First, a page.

Graduate Program Bridge Credit

Successful completion of all the material in this class will allow the bridge credit for Object Oriented Programming along with Data Structures.  The pace of this course will be beyond the pace of a single semester undergraduate programming class.  A student who is overwhelmed can opt to slow down and just complete the Object Oriented Programming portions of this class (ch 1-13,17,18).  After midterm grades are posted, I will maintain two grades inside Oaks; Complete and Object Oriented.  To count towards the entrance requires you will need to get a B.  If you have want to choose credit just for Object Oriented please send an email to

Class Recordings and Streaming

Each class will be recorded and streamed live.  You can find the recordings at  Navigate to > College of Charleston > Harbor Walk  >  The Graduate School > CSCI 490.  You can login to the site using your cougar credentials by typing COUGARS\[your user name] in the upper right corner.  If you are streaming the class, type your question in the bottom right and I will try to answer as quickly as I can.


Any student who feels he or she may need an accommodation based on the impact of a disability should contact me individually to discuss your specific needs. Also, please contact the College of Charleston, Center for disability Services for additional help.

Student Honor Code
I expect you to abide by the Honor Code and the Student Handbook: A Guide to Civil and Honorable Conduct. If you have a question about how to interpret the Honor Code, ask before acting! I encourage collaboration, but you must document it. Thus, each student will submit their own homework and, when collaborating, provide a reference to those people and documents consulted.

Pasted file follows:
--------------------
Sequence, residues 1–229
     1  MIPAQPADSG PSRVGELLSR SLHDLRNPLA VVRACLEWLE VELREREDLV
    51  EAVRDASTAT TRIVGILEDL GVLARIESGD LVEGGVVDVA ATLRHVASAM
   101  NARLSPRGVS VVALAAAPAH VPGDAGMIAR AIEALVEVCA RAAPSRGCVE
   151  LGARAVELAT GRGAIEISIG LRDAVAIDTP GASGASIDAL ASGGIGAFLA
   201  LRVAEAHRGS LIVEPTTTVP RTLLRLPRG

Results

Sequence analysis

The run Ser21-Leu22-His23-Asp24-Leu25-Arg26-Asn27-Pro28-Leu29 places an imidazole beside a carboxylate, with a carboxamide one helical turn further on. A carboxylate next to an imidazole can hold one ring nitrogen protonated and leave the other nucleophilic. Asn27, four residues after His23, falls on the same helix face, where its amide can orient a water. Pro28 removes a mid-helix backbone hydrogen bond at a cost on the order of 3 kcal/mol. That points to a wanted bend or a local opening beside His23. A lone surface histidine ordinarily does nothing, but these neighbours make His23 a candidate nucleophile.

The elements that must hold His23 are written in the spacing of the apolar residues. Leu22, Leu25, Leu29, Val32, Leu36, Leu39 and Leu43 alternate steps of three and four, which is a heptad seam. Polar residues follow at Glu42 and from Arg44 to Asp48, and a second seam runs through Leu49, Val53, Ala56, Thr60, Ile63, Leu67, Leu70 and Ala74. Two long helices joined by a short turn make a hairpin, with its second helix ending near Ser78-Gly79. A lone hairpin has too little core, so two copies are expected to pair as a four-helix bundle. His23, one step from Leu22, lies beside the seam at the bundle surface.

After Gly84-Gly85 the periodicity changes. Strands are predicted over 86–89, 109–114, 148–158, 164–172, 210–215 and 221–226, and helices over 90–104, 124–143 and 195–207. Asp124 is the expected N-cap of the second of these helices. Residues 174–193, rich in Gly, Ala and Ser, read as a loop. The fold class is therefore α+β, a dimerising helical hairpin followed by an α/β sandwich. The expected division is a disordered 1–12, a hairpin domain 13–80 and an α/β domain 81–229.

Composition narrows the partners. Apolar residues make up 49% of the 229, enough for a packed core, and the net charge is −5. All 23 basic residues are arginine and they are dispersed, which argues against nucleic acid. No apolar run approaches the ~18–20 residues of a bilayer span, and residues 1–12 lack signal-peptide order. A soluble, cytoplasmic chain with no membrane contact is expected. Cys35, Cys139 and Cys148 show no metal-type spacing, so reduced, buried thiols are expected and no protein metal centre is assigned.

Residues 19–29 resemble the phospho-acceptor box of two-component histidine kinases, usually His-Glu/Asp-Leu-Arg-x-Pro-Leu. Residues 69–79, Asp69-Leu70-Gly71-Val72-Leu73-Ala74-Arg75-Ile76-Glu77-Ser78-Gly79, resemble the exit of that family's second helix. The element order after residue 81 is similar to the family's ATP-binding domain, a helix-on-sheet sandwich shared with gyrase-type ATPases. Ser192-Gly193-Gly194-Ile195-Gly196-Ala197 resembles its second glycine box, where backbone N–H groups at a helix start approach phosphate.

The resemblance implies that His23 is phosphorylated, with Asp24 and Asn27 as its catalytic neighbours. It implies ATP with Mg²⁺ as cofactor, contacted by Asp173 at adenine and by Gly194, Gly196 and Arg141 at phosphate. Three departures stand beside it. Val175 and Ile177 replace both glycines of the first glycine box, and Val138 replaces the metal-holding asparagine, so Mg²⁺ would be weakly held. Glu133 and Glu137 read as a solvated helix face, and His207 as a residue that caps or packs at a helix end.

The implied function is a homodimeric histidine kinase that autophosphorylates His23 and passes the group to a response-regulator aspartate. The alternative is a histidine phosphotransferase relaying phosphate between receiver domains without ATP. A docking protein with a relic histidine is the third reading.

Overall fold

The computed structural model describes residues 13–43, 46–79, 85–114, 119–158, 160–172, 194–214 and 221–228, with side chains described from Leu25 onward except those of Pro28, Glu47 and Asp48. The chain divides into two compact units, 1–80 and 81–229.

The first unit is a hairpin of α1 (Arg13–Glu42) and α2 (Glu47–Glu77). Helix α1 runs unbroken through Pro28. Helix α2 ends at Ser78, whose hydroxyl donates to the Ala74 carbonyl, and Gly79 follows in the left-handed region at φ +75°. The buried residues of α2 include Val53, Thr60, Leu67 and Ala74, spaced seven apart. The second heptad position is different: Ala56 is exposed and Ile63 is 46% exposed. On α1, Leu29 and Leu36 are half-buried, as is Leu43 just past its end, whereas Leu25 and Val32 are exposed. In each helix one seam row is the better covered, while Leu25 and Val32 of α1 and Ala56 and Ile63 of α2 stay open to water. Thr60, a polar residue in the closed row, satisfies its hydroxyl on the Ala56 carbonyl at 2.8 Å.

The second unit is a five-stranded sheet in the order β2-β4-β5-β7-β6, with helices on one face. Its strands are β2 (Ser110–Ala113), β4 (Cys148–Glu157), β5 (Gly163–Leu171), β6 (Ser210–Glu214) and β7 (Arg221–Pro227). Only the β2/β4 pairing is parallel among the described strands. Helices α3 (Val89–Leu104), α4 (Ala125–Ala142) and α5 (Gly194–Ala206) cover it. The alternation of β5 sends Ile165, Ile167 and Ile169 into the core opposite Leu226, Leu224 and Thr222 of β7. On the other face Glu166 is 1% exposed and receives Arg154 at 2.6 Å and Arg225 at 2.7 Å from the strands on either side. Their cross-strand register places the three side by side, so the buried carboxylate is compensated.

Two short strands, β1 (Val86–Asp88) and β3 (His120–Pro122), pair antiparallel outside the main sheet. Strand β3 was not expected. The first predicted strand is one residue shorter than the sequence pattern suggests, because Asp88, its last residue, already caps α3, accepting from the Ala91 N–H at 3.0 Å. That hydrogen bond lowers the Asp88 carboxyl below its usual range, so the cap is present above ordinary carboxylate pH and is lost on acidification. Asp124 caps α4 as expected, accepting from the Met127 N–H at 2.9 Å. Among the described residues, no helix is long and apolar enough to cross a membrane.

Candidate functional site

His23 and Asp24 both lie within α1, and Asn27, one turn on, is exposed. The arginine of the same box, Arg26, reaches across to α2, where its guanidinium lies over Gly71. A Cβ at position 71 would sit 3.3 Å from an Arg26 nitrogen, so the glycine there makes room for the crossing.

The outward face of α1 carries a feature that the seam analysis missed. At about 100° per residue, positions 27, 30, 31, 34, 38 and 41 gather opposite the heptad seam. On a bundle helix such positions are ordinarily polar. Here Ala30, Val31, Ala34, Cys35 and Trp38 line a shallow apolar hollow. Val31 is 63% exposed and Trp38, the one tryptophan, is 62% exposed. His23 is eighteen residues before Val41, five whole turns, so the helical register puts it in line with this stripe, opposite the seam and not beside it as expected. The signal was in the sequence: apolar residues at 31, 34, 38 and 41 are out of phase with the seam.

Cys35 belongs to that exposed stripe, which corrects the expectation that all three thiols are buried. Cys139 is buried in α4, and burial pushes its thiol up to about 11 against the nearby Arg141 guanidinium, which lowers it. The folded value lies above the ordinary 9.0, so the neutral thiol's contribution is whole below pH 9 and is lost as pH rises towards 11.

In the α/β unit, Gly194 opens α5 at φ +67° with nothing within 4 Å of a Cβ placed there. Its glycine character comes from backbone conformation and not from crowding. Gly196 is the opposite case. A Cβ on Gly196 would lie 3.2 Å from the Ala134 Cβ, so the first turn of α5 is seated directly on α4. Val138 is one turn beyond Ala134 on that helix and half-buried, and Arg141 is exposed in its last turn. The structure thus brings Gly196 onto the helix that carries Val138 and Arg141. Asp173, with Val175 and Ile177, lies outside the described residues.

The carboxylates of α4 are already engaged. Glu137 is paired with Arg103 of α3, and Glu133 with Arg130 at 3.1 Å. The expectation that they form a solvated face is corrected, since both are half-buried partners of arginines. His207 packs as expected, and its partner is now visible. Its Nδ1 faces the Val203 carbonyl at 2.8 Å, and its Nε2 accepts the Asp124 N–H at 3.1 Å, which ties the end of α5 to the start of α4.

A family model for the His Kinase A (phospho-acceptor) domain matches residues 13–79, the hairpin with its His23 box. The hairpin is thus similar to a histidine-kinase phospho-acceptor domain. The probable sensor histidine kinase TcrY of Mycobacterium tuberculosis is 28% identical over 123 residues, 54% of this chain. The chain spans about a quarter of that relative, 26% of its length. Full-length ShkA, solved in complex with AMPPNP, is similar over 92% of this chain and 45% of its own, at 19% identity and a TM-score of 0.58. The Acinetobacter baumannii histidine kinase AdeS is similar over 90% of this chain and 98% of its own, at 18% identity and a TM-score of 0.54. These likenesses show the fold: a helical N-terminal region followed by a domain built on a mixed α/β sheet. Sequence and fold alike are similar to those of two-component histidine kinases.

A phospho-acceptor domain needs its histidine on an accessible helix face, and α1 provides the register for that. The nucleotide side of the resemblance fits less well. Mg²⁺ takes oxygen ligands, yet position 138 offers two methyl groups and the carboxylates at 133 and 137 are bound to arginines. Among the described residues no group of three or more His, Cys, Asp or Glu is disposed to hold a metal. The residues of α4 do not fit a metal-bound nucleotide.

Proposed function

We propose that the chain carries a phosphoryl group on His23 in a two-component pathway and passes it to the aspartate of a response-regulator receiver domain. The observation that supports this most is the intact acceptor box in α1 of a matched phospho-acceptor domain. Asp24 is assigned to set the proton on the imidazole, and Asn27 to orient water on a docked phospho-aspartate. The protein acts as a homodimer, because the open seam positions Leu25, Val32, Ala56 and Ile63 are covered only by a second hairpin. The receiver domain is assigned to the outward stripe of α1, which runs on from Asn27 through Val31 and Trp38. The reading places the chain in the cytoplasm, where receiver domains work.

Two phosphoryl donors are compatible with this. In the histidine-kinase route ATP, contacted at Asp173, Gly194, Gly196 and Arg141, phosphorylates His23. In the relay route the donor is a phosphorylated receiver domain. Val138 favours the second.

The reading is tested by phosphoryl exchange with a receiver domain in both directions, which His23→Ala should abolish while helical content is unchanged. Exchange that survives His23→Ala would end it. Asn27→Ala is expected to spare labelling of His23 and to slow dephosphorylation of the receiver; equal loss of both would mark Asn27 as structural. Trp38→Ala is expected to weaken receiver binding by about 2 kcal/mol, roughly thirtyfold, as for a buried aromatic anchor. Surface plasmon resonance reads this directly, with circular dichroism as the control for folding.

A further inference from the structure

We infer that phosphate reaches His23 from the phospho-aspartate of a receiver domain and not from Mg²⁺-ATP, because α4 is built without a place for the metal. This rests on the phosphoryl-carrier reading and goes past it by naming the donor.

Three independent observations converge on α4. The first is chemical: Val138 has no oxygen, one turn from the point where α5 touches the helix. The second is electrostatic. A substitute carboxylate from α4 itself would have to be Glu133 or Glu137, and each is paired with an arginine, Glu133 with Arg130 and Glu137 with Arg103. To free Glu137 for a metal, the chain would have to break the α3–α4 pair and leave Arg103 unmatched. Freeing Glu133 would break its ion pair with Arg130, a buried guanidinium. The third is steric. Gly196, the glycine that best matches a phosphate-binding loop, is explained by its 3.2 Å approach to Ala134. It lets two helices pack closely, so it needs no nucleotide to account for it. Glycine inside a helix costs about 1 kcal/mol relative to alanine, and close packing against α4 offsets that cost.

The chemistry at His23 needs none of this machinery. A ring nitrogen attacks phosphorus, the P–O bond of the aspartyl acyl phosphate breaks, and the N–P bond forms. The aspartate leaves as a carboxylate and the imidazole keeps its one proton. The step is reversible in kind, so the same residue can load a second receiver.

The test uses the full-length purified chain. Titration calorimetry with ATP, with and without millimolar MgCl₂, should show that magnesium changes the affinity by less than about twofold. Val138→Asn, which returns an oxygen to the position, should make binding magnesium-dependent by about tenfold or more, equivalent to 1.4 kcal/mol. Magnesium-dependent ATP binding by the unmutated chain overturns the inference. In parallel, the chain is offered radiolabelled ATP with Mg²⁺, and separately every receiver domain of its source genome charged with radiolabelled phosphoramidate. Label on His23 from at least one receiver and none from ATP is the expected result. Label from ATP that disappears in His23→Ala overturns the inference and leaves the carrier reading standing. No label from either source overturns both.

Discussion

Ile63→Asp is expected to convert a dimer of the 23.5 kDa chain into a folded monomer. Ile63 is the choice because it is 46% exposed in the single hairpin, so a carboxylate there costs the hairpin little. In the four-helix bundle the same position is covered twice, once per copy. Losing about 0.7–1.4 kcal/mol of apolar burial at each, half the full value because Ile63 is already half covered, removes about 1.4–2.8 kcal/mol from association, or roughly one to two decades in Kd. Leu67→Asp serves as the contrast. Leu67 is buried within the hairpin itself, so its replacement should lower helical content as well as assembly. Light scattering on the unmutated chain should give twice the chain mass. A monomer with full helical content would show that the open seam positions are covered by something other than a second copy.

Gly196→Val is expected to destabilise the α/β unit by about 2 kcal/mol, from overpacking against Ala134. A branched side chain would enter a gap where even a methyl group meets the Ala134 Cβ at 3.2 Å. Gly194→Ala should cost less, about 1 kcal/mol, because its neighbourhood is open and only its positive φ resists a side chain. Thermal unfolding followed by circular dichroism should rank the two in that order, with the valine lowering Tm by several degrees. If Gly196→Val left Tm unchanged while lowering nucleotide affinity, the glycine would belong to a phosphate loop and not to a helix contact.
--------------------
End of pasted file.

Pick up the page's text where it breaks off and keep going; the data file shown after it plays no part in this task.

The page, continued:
Attendance at regular classes is not mandatory, but is a great way to engage the course material and to ask questions. Attendance for tests and the exam is expected (rescheduling for sickness is accommodated). Please do not attend class if you are sick or believe you are becoming ill. It is best to document your absence through an absence report in Undergraduate Academic Services. ATTENDANCE WILL BE TAKEN AT ALL CLASS SESSIONS.

Electronic Devices
The use of electronic devices, both stand-alone and network capable, will play an increasingly important roll in teaching and learning at the College of Charleston, including their use in our classrooms. Just be respectful about unnecessary distractions to you and to others seated around you.

How to report an absence

Students should…

Come to 67 George Street (white house next to Stern Center) to discuss absences and fill out the appropriate forms. Or get forms online at: Forms can be faxed to the College at 953-2290.